Banks, shops and houses were also looted and burnt during the six-hour raid by militants armed with rocket-propelled grenades, they added.
Six of the militants were killed in a counter-offensive, the army said.
The Islamist group Boko Haram is waging an insurgency in Nigeria.
Thousands have been killed since the conflict started in 2009.
On Thursday, France's President Francois Hollande pledged support for Nigeria in its fight against Boko Haram.
"Your struggle is our struggle," he said at a security conference in the capital, Abuja.
Witnesses told the BBC Hausa Service that the victims were shot dead, others had their throats slit or were burnt in their homes.
The attacks took place in the town of Michika, which has a population of several hundred thousand, and the villages of Shuwa and Kirchinga.
Nigeria's Senate President David Mark described the assault as an "open declaration of war", the Associated Press news agency reports.
"It is curious that under an emergency rule when security operatives are on red alert, this mayhem still persists," he is quoted as saying.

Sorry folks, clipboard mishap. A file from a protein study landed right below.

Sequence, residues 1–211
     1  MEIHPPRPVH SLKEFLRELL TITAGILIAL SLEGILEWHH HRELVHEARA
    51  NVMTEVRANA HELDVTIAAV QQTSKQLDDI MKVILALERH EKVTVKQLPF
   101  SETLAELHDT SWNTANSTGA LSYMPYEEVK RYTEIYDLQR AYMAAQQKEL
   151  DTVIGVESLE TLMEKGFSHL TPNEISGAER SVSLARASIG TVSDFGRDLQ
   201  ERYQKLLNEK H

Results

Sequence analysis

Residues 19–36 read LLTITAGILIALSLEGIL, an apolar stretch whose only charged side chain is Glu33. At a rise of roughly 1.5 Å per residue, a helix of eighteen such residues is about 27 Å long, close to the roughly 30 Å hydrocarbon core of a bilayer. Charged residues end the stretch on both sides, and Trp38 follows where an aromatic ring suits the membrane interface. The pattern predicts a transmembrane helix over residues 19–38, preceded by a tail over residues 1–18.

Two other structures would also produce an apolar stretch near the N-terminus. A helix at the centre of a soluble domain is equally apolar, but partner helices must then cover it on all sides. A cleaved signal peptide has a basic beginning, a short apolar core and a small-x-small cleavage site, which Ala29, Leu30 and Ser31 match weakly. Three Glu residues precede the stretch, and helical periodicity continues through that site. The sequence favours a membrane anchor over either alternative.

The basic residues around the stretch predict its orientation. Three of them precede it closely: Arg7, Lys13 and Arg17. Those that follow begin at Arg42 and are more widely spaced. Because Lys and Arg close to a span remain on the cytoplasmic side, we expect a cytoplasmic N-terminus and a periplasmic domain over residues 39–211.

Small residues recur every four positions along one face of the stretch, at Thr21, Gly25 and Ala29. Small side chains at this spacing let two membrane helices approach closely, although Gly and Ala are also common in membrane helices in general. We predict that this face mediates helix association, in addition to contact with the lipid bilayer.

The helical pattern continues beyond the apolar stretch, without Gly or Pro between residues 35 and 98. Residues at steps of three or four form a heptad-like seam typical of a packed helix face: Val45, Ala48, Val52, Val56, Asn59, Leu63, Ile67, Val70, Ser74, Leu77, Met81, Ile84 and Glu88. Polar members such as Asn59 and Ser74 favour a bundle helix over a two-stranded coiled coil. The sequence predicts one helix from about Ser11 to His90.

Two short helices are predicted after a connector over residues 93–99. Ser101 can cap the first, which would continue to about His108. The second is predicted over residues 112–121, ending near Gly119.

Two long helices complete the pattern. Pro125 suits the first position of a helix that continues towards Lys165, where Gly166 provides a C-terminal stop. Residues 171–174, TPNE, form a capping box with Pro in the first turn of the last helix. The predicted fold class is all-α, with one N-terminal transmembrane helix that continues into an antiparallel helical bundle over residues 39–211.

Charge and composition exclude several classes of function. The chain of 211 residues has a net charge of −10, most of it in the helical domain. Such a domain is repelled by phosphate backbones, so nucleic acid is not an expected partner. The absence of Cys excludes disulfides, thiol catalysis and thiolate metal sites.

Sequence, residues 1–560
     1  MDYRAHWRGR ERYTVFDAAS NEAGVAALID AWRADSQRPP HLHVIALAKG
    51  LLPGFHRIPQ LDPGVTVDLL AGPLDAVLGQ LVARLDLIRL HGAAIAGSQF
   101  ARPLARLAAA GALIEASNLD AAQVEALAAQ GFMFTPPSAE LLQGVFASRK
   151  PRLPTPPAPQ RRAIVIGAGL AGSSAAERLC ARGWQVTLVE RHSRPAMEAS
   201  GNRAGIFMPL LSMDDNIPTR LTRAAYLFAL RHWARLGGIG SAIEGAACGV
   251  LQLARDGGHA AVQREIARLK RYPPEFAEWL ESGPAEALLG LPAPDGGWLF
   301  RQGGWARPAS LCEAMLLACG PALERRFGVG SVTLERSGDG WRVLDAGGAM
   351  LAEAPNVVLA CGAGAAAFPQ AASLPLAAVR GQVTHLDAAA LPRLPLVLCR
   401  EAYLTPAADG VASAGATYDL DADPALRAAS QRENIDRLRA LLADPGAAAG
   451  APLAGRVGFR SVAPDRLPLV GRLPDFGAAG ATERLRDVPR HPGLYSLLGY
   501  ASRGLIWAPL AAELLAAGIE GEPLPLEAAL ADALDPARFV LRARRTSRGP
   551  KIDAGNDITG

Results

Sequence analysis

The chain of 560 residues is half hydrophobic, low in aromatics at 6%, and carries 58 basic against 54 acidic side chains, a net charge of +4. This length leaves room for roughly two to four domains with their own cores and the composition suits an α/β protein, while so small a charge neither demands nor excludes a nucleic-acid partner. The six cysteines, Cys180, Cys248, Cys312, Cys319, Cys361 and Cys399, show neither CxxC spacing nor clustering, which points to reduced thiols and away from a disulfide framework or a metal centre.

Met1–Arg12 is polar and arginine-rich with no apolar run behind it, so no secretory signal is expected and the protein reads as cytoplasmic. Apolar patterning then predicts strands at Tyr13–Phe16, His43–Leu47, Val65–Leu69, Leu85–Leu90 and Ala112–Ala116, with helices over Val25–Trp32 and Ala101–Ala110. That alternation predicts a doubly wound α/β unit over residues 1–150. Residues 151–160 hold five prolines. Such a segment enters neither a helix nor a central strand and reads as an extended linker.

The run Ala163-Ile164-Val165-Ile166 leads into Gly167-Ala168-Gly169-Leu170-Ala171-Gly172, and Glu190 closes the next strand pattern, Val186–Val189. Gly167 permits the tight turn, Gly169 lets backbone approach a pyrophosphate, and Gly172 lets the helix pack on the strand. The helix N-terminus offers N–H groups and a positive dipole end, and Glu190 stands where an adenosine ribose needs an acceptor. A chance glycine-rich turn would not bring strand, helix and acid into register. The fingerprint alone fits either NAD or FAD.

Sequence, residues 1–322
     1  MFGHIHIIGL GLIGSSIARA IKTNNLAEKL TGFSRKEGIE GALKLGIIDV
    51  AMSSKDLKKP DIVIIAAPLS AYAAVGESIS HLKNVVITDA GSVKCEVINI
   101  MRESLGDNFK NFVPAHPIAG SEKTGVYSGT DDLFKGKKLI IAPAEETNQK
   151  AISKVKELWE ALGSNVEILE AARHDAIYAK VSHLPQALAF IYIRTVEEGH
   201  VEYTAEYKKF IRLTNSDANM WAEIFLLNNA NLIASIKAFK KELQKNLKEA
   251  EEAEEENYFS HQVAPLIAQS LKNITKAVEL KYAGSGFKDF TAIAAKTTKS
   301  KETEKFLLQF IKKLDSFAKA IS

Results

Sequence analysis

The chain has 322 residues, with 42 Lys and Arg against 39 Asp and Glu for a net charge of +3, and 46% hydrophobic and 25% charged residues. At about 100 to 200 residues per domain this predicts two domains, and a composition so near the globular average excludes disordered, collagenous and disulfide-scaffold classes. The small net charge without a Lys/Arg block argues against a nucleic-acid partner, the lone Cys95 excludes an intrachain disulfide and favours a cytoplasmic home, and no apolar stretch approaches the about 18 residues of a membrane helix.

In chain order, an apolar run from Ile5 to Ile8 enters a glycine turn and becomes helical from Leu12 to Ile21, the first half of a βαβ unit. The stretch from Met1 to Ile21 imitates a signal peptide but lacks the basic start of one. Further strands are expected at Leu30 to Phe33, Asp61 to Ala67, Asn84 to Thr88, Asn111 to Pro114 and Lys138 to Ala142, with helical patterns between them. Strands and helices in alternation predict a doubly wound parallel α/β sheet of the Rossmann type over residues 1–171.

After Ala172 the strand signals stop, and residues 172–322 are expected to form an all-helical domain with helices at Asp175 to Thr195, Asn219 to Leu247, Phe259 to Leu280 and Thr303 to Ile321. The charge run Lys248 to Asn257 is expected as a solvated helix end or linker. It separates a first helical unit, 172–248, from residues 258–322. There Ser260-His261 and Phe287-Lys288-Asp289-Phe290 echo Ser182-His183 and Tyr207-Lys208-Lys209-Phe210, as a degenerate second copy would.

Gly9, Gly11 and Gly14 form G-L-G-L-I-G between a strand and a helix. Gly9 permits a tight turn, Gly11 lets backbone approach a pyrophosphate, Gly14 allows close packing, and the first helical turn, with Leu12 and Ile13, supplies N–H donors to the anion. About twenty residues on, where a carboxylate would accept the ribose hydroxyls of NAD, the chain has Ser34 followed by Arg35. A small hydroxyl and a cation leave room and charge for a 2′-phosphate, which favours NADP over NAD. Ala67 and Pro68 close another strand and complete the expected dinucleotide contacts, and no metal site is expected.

Residents told the BBC the security forces fled their posts because they were in no position to confront the heavily armed militants, who travelled in a convoy of pick-up trucks.
"Everyone has left the village. We've all run away into the bush," a resident of Shuwa told the BBC.
"We think the military have responded and there were exchanges of fire," he added.
Nearly all the shops in Michika have been looted and destroyed, residents said.
A police station and three banks in the town were also raided, they added.
Boko Haram often targets such buildings to finance and arm its fighters, correspondents say.
It has not commented on the latest attack.
It was blamed for killing at least 29 people in an attack on Monday night on a rural boarding school in Yobe state.
President Jonathan declared a state of emergency in Adamawa, Yobe and Borno states last year in an attempt to curb the insurgency.
His critics say the state of emergency has been ineffective, with Boko Haram stepping up attacks in the region.
Speaking at the security summit, Mr Jonathan called on countries to work together to eliminate "terrorism".
An act of terror against one nation was an act of terror against all nations, he said.
Regional leaders, including those of Niger and Senegal, are attending the summit.
It coincides with celebrations to mark Nigeria's centenary.
The West African state was formed following the amalgamation of the mainly Muslim north and Christian south during British colonial rule in 1914.